In Competition No. 2863 you were invited to recast a well-known nursery rhyme in the style of a well-known author. The entry was evenly split between prose and poetry but in general verse worked better. Commendations go to Chris Port, Mike Morrison, Max Ross, Nick MacKinnon, Adrian Fry and Mark Shelton. The winners earn £25 each. Chris O’Carroll takes £30.
Once upon a sturdy tuffet sat a maid
the world calls Muffet,
Dining on a wholesome bowl of dairy
oddments, curds with whey.
On a sudden, just beside her, she espied
a loathsome spider;
Cold abhorrence surged inside her.
She could find no words to say,
No ejaculations suited to convey her
Not a single word to say.
Vile arachnids, large and hairy, tender
lactovores find scary,
So the frighted maid abandoned all her
curds and all her whey.
Muffet gazed upon the spinner of silk
traps to snare its dinner,
Felt her vitals churn within her, knew
she could not stay and play.
In the presence of this insect-eating
fiend she dared not stay.
Up she sprang and ran away.
Chris O’Carroll/Edgar Allan Poe
Smiley shook out his umbrella before entering.
‘Raining,’ said the constable at the door. ‘Indeed pouring, if I may venture an opinion, sir.’
The old man lay in bed upstairs, making a gross, piggish noise. The room smelt of mothballs and a picture of Brighton Pavilion hung lopsidedly over the mantelpiece. A medic was already there.
‘Occipital damage,’ he said. ‘In lay terms, he bumped his head. Odd thing is, it seems to have happened after he went to bed.’
‘He’s in a coma?’
‘Probably. He certainly couldn’t get up this morning We’ll know more later.’
‘Snoring in a coma?’
‘That will happen if the airways become obstructed.’
Smiley watched the raindrops slide down the window, then vanish. It had the smell of one of Karla’s sandbaggers. Or was that too obvious? It could be a decoy, a trap. Either way, it would take all the tradecraft he had.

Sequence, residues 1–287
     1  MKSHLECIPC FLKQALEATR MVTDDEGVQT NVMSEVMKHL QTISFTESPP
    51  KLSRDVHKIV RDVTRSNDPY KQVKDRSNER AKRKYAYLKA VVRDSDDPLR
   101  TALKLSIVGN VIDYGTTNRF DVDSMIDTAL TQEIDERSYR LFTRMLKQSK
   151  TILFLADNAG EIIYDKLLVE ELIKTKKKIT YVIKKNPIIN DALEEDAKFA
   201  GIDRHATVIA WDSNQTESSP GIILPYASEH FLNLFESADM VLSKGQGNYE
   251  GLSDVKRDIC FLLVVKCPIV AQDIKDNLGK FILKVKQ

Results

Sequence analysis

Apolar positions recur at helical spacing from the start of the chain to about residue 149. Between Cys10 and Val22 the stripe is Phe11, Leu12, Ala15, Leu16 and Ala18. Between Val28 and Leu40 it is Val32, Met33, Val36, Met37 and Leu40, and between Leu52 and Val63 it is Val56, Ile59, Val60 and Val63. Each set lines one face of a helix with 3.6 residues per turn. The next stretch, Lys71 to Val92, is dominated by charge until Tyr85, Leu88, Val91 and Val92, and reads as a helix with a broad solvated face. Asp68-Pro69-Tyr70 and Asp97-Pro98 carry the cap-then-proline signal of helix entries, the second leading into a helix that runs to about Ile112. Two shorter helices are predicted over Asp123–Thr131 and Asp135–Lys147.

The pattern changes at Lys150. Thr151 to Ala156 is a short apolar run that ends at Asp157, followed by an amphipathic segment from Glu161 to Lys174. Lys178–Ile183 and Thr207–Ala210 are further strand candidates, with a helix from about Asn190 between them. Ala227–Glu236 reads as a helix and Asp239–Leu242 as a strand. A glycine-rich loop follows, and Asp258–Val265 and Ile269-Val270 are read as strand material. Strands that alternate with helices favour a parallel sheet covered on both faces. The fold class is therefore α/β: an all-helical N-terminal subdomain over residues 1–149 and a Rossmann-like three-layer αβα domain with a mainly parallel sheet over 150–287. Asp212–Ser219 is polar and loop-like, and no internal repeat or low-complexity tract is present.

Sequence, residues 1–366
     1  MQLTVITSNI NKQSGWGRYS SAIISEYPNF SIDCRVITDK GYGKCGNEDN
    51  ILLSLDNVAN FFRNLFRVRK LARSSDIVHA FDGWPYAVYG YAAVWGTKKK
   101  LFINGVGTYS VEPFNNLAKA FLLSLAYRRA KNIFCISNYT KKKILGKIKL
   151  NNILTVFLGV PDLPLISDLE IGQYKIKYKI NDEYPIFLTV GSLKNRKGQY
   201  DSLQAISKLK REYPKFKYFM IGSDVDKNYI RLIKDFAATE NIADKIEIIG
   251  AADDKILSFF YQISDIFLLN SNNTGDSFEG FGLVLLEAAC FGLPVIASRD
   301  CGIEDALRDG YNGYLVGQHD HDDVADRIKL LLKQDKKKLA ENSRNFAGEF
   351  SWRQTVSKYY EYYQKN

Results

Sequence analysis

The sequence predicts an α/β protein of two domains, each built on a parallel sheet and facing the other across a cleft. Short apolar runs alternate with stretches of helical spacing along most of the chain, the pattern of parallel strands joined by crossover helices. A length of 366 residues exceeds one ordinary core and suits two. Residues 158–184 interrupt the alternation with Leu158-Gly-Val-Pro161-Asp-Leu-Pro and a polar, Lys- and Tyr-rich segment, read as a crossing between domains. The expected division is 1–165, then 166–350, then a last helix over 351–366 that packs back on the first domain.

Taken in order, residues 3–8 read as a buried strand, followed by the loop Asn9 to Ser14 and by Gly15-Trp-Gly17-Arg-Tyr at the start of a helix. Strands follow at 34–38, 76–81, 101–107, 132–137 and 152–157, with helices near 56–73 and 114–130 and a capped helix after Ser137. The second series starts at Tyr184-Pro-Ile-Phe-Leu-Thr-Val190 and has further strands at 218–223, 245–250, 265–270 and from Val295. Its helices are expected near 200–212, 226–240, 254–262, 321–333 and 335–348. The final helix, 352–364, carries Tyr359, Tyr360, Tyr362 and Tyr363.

G.M. Davis/John le Carré
Legs doubling as fingers,
The spider felt its neat way
Into a downspout’s black maw.
Settled, it spun silk lashings
To work as a homely abattoir.
Tuned to a fly’s writhings
It sensed no sluice until
A bolt of water struck it down
And out into the bright air.
Then it was jetsam, grounded,
Limbs and body a draggled tangle:
It upped itself like a wet foal,
Touched drying land and ran
Frantic in its mortal panic
Out of the open light
And back inside the sheltering mouth.
W.J. Webster/Ted Hughes
He who would rodents three
Spare from disaster,
Let him, though blind they be,
Bid them run faster.
There’s naught so cruel in life
Than some foul farmer’s wife
Who wields her carving knife
To maim a mouse tail.
True ’tis, that lacking pace,
Three mice, unsighted,
Struck thus while giving chase
Now languish blighted.
So, pilgrims, armed with knives,
Forewarned of farmers’ wives,
Strike down whoever strives
To maim a mouse tail.
Alan Millard/John Bunyan
They fucked me up, those soldier chaps;
It may have been unwittingly,
Or then again — who knows? — perhaps
The bastards had it in for me.
They glued me back as best they could,
But got it wrong; they stuck my nose
Right up my arse, which isn’t good,
And testicles in place of toes.
So when they saw what they had done,
Did they apologise? Not half!
They thought it all tremendous fun —
Even their horses had to laugh.
If you’re an egg, avoid great falls;
You’d be irreparably cracked.
Take my advice: don’t sit on walls,
And try to keep your shell intact.
Brian Allgar/Philip Larkin
Is there anybody there, said the Blackbird
With a vengeful look in its eye,
While the smell of its baking colleagues
Rose up from the royal game pie.
But nobody answered the Blackbird;
No voice, downstairs or up,
Spoke out to admit to the plat du jour
On which they would shortly sup.
But the greedy King in his counting-house
And the pie-cook washing her smalls,
Plus the Queen with her bread and honey,
Had heard the Blackbird’s calls.
And they heard the screech of its fury, too,
And the sound of beak on bone
And how the birds began to sing
When the pie-cook’s nose was gone.
Martin Parker/Walter de la Mare
No 2866: prose poem
You are invited to pick a well-known poem and write a short story with the same title using the poem’s opening and closing lines to begin and end the story. Please email entries of up to 150 words to email@example.com by midday on 17 September.